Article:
Written for the J4 Saxophone Quartet, Seven Bagatelles essentally reflect the traditional light character typically associated with traditional bagatelles with the exception of the third movement. Each movement is also indicative of a particular style of compositional craft — Prelude, Scherzo, Elegy, & Waltz.
Genre: Saxophone Quartet | # of Players: 4
Level: Medium Difficult | Duration: 15:00
Seven Bagatelles was written exclusively for the J4 Saxophone Quartet, comprised of John Nichol, Jonathan Nichol, Joe Lulloff, and Jordan Lulloff. Bagatelles were typically short pieces for written for piano, being somewhat light in character and style. The Seven Bagatelles essentially reflect the traditional light character with the exception of the third movement. Each movement is also indicative of a particular style of compositional craft.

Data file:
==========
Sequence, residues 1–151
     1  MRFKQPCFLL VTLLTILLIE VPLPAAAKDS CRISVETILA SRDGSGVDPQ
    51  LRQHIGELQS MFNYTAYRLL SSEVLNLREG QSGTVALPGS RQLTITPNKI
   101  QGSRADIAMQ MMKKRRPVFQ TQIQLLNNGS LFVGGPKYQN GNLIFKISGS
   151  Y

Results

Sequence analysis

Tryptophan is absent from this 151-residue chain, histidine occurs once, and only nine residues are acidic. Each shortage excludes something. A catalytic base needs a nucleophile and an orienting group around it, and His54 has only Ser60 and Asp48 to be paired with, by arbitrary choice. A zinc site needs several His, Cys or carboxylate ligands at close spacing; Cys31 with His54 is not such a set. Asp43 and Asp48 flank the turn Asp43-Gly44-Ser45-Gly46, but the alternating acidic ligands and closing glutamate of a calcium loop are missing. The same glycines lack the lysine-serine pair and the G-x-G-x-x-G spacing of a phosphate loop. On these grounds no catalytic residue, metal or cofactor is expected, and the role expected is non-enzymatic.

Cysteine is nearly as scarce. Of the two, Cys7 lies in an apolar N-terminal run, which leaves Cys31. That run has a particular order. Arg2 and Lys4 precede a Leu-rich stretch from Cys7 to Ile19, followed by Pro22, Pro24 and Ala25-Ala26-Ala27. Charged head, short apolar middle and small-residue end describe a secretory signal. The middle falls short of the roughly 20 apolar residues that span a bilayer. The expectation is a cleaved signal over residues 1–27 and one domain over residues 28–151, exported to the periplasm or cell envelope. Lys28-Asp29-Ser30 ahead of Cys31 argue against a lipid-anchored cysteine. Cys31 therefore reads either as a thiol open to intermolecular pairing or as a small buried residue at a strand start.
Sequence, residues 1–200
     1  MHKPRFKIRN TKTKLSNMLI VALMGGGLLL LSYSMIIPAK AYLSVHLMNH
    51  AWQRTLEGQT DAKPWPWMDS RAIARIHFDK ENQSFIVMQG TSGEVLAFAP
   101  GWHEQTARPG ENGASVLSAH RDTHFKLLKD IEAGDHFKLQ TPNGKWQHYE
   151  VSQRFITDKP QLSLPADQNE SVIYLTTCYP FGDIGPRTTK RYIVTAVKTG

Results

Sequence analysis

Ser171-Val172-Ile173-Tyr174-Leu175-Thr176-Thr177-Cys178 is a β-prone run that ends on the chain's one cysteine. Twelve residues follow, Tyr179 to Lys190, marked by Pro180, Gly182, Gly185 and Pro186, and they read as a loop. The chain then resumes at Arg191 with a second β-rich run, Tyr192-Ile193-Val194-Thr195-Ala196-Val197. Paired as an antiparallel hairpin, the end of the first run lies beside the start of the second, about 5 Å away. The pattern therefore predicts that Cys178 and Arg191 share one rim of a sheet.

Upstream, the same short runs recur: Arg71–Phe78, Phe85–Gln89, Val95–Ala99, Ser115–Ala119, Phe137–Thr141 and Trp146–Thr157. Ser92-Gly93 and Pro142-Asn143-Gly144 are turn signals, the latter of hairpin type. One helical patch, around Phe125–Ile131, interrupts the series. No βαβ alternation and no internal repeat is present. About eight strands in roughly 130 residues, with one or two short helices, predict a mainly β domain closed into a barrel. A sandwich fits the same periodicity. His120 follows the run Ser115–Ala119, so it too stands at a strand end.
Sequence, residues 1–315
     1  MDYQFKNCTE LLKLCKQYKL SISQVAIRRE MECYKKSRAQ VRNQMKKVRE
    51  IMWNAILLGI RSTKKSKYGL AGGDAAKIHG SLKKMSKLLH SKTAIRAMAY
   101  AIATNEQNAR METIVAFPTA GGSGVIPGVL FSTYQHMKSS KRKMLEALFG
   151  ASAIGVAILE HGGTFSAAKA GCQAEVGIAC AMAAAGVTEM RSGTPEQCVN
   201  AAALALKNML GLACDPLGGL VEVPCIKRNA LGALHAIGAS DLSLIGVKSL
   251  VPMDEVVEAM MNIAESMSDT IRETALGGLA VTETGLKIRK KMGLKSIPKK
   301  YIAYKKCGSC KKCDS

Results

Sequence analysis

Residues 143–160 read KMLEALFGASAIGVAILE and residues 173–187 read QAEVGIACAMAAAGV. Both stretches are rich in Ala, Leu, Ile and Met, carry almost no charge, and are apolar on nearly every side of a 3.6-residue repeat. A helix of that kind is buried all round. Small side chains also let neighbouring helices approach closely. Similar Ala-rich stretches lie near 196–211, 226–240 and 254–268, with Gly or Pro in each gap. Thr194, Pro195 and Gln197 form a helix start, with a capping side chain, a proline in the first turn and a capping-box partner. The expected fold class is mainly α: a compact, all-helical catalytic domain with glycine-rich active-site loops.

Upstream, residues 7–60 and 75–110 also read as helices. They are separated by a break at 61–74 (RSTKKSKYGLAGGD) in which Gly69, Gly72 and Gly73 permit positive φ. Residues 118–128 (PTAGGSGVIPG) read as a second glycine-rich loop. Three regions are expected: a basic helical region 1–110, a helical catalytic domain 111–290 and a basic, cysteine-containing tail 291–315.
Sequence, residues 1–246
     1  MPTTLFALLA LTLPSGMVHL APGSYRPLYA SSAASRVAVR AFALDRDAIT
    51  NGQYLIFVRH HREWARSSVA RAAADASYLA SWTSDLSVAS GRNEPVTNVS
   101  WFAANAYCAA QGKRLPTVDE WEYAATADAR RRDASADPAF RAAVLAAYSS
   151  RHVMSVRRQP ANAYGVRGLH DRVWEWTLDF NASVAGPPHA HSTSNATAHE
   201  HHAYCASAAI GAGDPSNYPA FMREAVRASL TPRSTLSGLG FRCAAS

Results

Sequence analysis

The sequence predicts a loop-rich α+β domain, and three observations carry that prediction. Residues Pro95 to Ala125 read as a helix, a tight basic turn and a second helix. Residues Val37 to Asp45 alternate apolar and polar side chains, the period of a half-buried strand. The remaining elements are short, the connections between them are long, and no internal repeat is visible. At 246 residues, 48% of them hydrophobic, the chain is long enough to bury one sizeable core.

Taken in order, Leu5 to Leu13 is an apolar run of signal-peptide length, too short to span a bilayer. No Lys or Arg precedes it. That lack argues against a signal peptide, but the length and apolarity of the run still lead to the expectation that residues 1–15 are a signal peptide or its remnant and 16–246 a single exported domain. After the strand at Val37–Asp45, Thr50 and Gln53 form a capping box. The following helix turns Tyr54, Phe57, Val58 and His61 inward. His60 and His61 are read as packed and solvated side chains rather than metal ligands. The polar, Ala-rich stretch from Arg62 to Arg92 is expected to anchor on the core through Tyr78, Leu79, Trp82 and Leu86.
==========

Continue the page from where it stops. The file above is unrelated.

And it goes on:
The first movement, “Prelude,” tends to be highly chromatic and angular, centering on a three-note motive consisting of two 32nd notes and a dotted eighth. The character is dramatic and fanfare-like. The “Scherzo,” movement two, is nearly a perpetual motion of sixteenth notes derived from a twelve-tone row and its various contortions. In keeping with the character of the scherzo, the movement is quite playful. Movement three is an elegy and is an exception to the overall light character of this set of Bagatelles. It is a tribute to the children and teachers who were murdered in Newtown, Connecticut, on December 14, 2012, and is simply a setting of the well known children’s hymn, “Jesus Loves Me,” using a dark, dissonant, and reflective harmonic style. Perhaps the lightest in character, movement four is a waltz, cast mostly in 6/8 meter utilizing the resources of the octatonic scale. The movement contains tongue-in-cheek quotes from famous waltzes by Chopin, Tchaikovsky, Weber, Ravel, and Johann Strauss, Jr. And, for good measure, there is an elusion to “Danse Macabre” by Saint-Saens. Movement five is a simple, lyrical, and expressive song. An “Interlude” follows as movement six with doubly dotted rhythms and quintal harmony suggesting a sort of procession leading to the seventh movement, “Reel.” The “Reel” is a light-hearted romp using a cliché pentatonic fiddling motive, quartal and quintal harmonies, an abundance of after beats, and multiple changes of meter. The movement fiddles away incessantly and leads to a “barn burning” conclusion.